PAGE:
Obituary: Sir Keith Falkner
Friday 03 June 1994
KEITH FALKNER, the concert singer and recitalist whose extensive, warmly resonant bass-baritone voice and superb diction were much admired, particularly in the music of Bach, throughout Britain, on the Continent and in North America during the 1930s, was also highly successful as a teacher and administrator, working for the British Council in Italy, becoming Professor of Singing (a new post) at Cornell University, and later Director of the Royal College of Music, in London, where he had himself studied.
Born in Cambridgeshire, Keith Falkner was educated as a chorister at New College School, Oxford, during the period when Hugh Allen was organist at the college and the reputation of its choir was especially high. Falkner later went to Perse School, Cambridge, and on leaving school, as the First World War was still in progress, joined the Royal Naval Air Service. On demobilisation he decided to make music his career, and in 1920 he entered the Royal College of Music, where his old mentor Hugh Allen was now director. Falkner remained at the RCM for six years, while from 1923 to 1927 he was a member of the choir of St Paul's Cathedral. In 1924 he created the role of the Constable (father of Mary, the heroine) in Vaughan Williams's first opera, Hugh the Drover, which was given its premiere at the RCM in July that year.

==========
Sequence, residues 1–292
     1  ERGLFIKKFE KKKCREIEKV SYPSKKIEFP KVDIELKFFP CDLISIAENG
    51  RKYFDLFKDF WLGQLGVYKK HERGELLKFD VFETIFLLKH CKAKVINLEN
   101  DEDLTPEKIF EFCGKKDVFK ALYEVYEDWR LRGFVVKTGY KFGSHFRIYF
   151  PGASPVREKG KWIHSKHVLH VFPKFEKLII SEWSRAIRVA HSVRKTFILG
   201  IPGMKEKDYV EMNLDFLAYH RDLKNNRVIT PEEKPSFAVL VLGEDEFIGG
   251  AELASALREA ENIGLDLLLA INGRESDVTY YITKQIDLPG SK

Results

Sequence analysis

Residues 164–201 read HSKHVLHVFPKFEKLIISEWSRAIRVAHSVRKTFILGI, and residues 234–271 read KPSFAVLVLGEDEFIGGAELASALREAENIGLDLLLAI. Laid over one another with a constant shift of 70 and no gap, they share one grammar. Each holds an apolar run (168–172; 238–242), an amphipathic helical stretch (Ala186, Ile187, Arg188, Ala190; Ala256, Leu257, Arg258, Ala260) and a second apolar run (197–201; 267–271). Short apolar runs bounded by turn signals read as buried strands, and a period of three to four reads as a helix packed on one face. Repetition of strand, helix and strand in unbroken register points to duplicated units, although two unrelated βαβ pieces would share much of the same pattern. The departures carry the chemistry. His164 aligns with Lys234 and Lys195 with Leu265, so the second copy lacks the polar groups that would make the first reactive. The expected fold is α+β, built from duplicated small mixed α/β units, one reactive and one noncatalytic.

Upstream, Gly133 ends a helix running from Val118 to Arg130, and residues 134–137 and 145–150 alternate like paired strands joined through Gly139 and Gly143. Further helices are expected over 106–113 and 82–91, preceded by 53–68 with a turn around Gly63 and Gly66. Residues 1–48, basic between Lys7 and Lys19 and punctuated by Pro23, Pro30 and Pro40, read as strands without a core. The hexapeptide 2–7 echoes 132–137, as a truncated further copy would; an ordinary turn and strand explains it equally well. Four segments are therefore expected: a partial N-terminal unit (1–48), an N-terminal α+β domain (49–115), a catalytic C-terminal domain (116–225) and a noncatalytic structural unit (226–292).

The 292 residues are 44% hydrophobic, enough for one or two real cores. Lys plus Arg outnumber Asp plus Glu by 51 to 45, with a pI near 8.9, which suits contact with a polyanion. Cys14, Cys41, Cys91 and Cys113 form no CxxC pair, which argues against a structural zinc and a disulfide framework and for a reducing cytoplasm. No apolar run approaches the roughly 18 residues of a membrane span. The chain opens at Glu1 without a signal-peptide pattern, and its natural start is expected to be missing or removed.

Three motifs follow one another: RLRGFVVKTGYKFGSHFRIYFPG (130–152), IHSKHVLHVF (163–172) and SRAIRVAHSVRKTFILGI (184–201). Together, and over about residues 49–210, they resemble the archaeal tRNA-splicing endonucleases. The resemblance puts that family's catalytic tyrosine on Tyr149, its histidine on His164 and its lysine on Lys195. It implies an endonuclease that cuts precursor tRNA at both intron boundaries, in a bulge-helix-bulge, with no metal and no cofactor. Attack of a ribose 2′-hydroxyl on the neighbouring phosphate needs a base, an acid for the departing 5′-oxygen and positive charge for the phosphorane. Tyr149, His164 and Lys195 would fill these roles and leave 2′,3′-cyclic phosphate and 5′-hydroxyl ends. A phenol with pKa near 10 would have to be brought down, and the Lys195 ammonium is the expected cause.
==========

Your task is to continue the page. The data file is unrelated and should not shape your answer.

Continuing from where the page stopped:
Falkner also studied privately in London with Harry Plunket Greene, the Irish bass-baritone renowned for his beautiful enunciation of the English language when singing, a skill that he communicated and passed on to his pupil. He studied in Vienna, with Theo Lierhammer, and in Berlin with Grenzebach, gaining equal fluency in the German language.
Embarking on a successful career as a singer in London and all over Britain, Falkner made his first grand concert tour of the United States and Canada in 1931, returning there annually until the beginning of the Second World war. He sang twice (1935 and 1937) at the Cincinnati Music Festival, of which Eugene Goossens had become director in 1931, and several times at the Bach Festival held in Bethlehem, Pennsylvania. He also gave concerts and recitals in the Netherlands, France, Austria and other European countries.
Though his repertory was wide, Falkner became particularly well known for his interpretation of the part of Christus in Bach's St Matthew Passion and for his singing of the bass arias in Bach's Mass in B Minor. He recorded the Matthew Passion complete under Serge Koussevitsky. Falkner was also a fine singer of early English music and his recording of madrigals by Giles Farnaby, Orlando Gibbons, Thomas Morley, John Wilbye and Thomas Weelkes, with Isobel Baillie and other soloists, drew praise from Edward Sackville-West and Desmond Shawe-Taylor in The Record Guide: 'Keith Falkner in particular can he heard drawing a delightfully firm and delicate bass line.'
During the Second World War he served in the Royal Air Force, then in 1946 became director of the British Council in Rome, where he promoted the cause of British music with great success, while still active as a singer himself. In 1950 he was appointed the first Professor of Singing on the Music Faculty of Cornell University, a position he held for a decade. Returning to Britain in 1960, he succeeded Sir Ernest Bullock as director of the Royal College of Music, a post he held for 14 years.
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